Tanzsuite; Divertimento, Op. 86
New Zealand Symphony Orchestra/Jun Märkl
Naxos 8.574217 65:53 mins
Like Brahms, Ravel and, latterly, Thomas Adès, Richard Strauss seems to have had a soft spot for François Couperin’s music – orchestrating two substantial ballet suites from his keyboard music. Yet if untroubled by notions of 18th-century authenticity, he was equally unconcerned with a dry distancing from his originals as practised by Stravinsky in his Pergolesi-based Pulcinella. Rather, his approach resembled Respighi as in such arrangements as The Birds: affectionate tributes in which they reserved the right to cross-cut sections from their various sources, add parts, enrich harmonies and extend forms to achieve the maximum in colour and charm.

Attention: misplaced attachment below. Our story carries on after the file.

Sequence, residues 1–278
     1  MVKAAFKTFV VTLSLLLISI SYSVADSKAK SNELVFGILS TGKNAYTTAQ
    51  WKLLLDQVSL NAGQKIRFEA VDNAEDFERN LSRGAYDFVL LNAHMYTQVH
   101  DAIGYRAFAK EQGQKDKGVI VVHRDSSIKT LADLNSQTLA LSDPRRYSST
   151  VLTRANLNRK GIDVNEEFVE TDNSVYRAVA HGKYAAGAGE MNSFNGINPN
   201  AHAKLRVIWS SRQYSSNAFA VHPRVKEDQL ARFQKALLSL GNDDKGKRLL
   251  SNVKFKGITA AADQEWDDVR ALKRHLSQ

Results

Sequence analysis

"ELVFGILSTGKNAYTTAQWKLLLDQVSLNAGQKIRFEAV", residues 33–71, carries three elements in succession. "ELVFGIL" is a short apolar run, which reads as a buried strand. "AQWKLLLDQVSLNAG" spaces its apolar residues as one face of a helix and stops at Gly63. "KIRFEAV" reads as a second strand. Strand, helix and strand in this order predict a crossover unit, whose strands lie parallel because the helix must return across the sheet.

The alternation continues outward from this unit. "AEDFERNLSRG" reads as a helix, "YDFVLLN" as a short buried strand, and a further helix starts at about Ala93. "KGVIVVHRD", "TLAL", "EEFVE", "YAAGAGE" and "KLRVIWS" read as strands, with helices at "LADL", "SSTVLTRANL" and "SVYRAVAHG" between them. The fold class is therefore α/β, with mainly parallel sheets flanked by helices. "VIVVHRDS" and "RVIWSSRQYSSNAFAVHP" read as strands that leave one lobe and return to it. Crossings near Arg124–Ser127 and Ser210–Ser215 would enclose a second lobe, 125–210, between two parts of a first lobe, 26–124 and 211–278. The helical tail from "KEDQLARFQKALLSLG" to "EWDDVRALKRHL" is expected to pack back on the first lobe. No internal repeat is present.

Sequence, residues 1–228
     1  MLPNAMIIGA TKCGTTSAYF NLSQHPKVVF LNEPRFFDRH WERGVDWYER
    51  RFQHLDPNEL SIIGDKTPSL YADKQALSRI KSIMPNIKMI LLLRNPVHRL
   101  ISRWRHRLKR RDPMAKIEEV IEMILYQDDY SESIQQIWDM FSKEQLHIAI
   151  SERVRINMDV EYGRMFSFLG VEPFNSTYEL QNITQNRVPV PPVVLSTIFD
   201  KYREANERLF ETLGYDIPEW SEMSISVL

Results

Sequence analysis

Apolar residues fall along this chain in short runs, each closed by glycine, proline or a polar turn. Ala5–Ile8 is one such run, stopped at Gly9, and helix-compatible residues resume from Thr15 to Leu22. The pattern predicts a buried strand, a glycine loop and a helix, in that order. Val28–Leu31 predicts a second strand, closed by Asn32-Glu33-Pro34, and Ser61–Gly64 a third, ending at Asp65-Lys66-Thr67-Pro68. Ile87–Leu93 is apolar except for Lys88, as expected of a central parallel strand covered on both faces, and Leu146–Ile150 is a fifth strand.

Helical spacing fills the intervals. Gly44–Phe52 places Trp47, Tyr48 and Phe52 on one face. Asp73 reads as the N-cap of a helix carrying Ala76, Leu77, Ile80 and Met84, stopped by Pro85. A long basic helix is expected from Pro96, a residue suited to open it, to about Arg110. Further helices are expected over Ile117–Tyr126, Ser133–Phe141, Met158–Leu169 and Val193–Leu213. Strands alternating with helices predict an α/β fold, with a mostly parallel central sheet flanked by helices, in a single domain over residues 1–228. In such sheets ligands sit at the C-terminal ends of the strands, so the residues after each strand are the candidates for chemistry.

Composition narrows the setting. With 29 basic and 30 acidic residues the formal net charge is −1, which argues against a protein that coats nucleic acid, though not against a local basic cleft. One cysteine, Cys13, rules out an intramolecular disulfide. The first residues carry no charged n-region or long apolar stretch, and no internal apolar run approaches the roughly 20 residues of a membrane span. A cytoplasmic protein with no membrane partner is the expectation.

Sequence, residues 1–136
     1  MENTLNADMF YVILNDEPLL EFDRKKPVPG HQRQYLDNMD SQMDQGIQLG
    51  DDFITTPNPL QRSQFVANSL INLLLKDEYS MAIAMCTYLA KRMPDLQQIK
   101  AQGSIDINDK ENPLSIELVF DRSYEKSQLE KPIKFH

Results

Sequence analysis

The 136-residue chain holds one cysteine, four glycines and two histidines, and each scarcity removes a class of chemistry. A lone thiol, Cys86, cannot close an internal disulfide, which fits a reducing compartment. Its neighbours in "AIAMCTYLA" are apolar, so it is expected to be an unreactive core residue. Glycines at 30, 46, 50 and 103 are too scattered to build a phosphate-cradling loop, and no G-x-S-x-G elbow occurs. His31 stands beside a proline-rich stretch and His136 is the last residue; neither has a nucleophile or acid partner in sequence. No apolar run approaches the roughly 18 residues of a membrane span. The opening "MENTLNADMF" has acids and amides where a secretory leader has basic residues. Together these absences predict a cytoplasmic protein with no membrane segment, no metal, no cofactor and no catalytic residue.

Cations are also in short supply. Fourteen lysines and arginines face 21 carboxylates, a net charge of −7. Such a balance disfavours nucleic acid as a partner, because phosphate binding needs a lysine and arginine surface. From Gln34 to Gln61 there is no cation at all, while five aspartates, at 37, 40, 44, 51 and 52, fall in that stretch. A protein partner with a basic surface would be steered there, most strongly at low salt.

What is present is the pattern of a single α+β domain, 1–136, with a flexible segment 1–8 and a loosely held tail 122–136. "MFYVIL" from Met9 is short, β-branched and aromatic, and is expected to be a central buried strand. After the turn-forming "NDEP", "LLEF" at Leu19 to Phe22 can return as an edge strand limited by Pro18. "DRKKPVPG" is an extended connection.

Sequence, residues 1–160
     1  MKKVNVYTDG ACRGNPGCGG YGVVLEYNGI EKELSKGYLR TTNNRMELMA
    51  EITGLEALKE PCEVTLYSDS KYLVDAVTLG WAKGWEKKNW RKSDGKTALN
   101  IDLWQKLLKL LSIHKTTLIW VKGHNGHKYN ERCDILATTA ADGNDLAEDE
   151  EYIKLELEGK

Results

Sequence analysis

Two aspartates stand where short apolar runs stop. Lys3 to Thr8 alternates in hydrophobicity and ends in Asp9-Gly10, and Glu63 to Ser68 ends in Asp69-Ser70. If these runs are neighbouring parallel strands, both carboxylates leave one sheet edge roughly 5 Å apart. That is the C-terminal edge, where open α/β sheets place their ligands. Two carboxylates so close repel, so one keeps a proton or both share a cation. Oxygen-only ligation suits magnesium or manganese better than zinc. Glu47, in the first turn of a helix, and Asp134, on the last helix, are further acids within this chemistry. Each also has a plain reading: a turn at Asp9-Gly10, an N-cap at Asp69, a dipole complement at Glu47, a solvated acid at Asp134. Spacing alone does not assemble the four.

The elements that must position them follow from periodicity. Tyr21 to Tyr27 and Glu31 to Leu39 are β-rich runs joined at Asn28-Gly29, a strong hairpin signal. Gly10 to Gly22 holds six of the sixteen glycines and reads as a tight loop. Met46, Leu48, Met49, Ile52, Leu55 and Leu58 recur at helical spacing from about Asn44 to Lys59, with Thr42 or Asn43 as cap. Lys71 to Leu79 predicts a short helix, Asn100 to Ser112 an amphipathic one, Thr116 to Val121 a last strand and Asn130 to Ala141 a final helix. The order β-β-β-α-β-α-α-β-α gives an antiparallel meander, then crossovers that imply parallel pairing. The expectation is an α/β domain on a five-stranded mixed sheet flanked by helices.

So, while Strauss’s Dance Suite (1923) opens with a ‘Pavan’ scored with almost Lully-like severity, it is soon transmuting Couperin’s ‘Le Carillon de Cythère’ into an enchanting, silvery texture for harp, celesta, glockenspiel and harpsichord. And to the equivalent movement in the Divertimento, Op. 86 (1941), based on ‘Les tours de passe-passe’, Strauss delights in adding a naughty polymetric counterpoint of his own. His piercing scoring of ‘Les fauveties plaintives’ and darkly turbid treatment of ‘Les ombres errantes’ are equally striking.
Ignore those commentators who dismiss these suites as stylistically anachronistic and irrelevant to Strauss’s achievement. Closely listened to, they prove full of ingenuity and character – Strauss’s as much as Couperin’s. And the New Zealand Symphony Orchestra under Jun Märkl deliver them with the gravity, levity, intensity, serenity and energy they variously invite, in a clear and concert-like recorded perspective.